And why do you look at the speck in your brother’s eye, but do not consider the plank in your own eye? Or how can you say to your brother, ‘Let me remove the speck from your eye’; and look, a plank is in your own eye? Hypocrite! First remove the plank from your own eye, and then you will see clearly to remove the speck from your brother’s eye. Matthew 7:3-4

A Good Thing

This is good for two reasons: because it helps us to identify those around us and the sin(s) they likely battle or embrace. Is there somebody you know who is especially harsh or unsympathetic towards a particular kind of sin? You can practically guarantee that the complainant struggles with the very same thing in one way, shape, or form. The other reason is of course that we might discover we are that person.

Then Nathan said to David, “You are the man!” 2 Samuel 12:7

I betcha that David knew ‘he was the man’ before Nathan told him; I suspect the Lord convicted him the moment he (David) declared that the sheep bandit should be put to death. David was in fact condemned by his merciless overreaction. The question that remains is, “Am I?” Are you?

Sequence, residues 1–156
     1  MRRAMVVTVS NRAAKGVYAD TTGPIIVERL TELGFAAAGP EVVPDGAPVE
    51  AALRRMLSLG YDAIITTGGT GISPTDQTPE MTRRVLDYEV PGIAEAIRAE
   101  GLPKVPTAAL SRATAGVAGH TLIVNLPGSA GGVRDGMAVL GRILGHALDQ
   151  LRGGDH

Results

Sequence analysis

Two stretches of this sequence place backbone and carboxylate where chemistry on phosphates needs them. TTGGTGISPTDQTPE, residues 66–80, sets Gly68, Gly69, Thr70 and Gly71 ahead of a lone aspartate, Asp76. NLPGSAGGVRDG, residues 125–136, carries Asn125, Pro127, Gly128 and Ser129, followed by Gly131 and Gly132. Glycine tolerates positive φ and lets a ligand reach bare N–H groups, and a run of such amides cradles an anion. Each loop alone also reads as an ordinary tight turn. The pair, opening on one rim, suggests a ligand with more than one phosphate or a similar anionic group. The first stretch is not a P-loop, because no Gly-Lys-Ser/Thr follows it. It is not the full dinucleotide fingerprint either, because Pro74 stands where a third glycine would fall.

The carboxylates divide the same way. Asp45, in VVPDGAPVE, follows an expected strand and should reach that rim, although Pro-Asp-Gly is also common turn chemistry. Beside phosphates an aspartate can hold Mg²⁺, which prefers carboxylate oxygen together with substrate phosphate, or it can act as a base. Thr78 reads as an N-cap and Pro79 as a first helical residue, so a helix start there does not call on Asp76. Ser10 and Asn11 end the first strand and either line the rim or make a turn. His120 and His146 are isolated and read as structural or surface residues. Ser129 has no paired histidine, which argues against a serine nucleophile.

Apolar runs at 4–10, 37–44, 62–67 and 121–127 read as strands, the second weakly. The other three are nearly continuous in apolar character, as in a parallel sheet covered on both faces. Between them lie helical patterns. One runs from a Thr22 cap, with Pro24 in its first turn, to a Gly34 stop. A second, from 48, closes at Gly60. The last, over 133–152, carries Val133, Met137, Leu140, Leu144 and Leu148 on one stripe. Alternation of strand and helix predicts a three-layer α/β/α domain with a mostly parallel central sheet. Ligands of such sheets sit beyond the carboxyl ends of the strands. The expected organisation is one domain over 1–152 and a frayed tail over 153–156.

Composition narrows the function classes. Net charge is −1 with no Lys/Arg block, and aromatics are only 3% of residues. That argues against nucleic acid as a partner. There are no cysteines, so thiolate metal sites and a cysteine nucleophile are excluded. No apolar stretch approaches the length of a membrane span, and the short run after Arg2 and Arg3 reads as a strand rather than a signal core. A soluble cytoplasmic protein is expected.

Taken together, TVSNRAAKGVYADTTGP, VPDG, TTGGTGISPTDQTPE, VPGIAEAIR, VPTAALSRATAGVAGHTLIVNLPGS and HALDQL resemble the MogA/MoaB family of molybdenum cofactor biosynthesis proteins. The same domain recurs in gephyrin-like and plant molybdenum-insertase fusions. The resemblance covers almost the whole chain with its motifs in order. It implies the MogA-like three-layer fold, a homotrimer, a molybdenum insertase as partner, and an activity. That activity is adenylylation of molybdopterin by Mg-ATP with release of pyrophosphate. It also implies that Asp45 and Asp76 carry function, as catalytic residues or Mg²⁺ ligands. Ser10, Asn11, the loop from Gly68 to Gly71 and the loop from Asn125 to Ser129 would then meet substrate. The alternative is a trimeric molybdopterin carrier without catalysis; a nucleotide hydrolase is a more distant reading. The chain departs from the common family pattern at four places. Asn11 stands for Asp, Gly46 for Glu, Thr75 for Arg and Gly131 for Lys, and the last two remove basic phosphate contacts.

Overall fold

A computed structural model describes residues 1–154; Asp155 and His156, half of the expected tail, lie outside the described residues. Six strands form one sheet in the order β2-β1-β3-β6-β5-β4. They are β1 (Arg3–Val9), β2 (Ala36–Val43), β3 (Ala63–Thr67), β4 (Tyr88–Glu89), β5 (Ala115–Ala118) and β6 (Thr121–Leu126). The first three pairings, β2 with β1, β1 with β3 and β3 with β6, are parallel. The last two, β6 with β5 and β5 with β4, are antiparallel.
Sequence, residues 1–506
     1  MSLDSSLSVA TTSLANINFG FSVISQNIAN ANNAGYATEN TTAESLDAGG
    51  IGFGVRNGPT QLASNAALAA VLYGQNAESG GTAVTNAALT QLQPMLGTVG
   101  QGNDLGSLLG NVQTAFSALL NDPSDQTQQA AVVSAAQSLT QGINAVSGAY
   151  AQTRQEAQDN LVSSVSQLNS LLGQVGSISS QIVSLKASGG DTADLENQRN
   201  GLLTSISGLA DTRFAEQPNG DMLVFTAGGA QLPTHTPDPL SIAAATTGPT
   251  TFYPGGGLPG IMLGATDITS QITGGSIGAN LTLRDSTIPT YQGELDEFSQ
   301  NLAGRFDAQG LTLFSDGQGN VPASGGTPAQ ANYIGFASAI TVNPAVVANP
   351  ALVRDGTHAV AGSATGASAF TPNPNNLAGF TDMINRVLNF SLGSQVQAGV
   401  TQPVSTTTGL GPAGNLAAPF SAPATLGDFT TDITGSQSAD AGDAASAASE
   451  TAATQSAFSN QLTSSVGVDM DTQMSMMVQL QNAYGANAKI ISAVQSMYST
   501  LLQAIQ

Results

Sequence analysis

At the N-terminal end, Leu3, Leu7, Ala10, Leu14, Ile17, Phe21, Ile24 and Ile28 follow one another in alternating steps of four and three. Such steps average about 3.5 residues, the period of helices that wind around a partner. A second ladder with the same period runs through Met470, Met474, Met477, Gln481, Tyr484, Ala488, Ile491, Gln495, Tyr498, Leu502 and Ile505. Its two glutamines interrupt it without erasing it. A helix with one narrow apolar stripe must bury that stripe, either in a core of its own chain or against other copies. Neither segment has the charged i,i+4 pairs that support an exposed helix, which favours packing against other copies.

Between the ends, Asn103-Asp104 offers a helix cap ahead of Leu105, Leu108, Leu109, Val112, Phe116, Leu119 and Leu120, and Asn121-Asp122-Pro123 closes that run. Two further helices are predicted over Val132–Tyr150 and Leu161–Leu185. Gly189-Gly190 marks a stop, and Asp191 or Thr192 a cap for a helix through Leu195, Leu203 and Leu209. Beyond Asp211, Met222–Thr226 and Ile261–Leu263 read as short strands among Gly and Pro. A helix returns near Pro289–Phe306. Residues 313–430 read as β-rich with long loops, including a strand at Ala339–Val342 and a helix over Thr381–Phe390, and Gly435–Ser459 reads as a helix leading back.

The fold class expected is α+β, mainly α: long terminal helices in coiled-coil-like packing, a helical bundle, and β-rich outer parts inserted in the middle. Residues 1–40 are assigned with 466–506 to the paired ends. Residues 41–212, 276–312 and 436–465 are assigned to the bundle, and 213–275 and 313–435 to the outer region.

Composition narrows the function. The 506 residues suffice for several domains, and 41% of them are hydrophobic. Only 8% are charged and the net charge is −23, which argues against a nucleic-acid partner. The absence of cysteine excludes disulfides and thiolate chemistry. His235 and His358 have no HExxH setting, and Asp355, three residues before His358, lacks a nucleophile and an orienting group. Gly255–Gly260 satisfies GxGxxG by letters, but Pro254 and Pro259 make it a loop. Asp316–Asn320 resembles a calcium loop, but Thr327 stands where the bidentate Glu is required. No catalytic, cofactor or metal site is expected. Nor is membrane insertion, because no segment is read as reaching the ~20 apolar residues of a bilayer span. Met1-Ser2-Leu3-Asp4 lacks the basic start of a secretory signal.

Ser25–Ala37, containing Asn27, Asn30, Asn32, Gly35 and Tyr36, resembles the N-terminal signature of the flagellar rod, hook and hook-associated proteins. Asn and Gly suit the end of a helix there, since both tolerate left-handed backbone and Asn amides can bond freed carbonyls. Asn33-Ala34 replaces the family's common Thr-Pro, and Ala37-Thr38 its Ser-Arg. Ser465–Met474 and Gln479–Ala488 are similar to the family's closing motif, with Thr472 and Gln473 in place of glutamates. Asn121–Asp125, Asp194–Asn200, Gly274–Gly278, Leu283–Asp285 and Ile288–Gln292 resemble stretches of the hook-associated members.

Our Father did not merely give us these accounts as historical records, but so that we might grow spiritually; that we might willingly subject ourselves to His sanctification and refining process. If we cannot see ourselves in these accounts then we are missing the critical point: we are sinners saved by grace, but sinners still and God does not desire to leave us this way.


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Be not overcome of evil, but overcome evil with good.

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For many shall come in my name, saying, I am Christ; and shall deceive many. And ye shall hear of wars and rumours of wars: see that ye be not troubled: for all these things must come to pass, but the end is not yet. For nation shall rise against nation, and kingdom against kingdom: and there shall be famines, and pestilences, and earthquakes, in divers places. All these are the beginning of sorrows.